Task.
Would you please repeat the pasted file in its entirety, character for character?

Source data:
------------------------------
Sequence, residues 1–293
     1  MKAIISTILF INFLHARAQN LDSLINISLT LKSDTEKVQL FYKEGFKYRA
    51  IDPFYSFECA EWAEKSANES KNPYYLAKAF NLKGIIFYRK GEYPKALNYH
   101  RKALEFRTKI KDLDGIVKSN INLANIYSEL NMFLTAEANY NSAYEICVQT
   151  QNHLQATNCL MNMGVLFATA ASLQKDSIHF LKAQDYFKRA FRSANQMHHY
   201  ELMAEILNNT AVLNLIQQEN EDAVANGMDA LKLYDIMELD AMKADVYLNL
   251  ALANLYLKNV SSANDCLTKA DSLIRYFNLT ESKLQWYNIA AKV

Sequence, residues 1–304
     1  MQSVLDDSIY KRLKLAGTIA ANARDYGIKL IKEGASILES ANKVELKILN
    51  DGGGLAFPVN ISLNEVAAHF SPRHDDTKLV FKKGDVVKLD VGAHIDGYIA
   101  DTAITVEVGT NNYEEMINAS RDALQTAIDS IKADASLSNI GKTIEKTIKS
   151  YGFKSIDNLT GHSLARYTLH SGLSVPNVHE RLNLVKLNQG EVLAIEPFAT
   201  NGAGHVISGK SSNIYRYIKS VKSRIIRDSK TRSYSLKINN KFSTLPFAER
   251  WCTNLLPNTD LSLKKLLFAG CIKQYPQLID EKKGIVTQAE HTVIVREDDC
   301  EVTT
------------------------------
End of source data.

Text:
Sequence, residues 1–293
     1  MKAIISTILF INFLHARAQN LDSLINISLT LKSDTEKVQL FYKEGFKYRA
    51  IDPFYSFECA EWAEKSANES KNPYYLAKAF NLKGIIFYRK GEYPKALNYH
   101  RKALEFRTKI KDLDGIVKSN INLANIYSEL NMFLTAEANY NSAYEICVQT
   151  QNHLQATNCL MNMGVLFATA ASLQKDSIHF LKAQDYFKRA FRSANQMHHY
   201  ELMAEILNNT AVLNLIQQEN EDAVANGMDA LKLYDIMELD AMKADVYLNL
   251  ALANLYLKNV SSANDCLTKA DSLIRYFNLT ESKLQWYNIA AKV

Sequence, residues 1–304
     1  MQSVLDDSIY KRLKLAGTIA ANARDYGIKL IKEGASILES ANKVELKILN
    51  DGGGLAFPVN ISLNEVAAHF SPRHDDTKLV FKKGDVVKLD VGAHIDGYIA
   101  DTAITVEVGT NNYEEMINAS RDALQTAIDS IKADASLSNI GKTIEKTIKS
   151  YGFKSIDNLT GHSLARYTLH SGLSVPNVHE RLNLVKLNQG EVLAIEPFAT
   201  NGAGHVISGK SSNIYRYIKS VKSRIIRDSK TRSYSLKINN KFSTLPFAER
   251  WCTNLLPNTD LSLKKLLFAG CIKQYPQLID EKKGIVTQAE HTVIVREDDC
   301  EVTT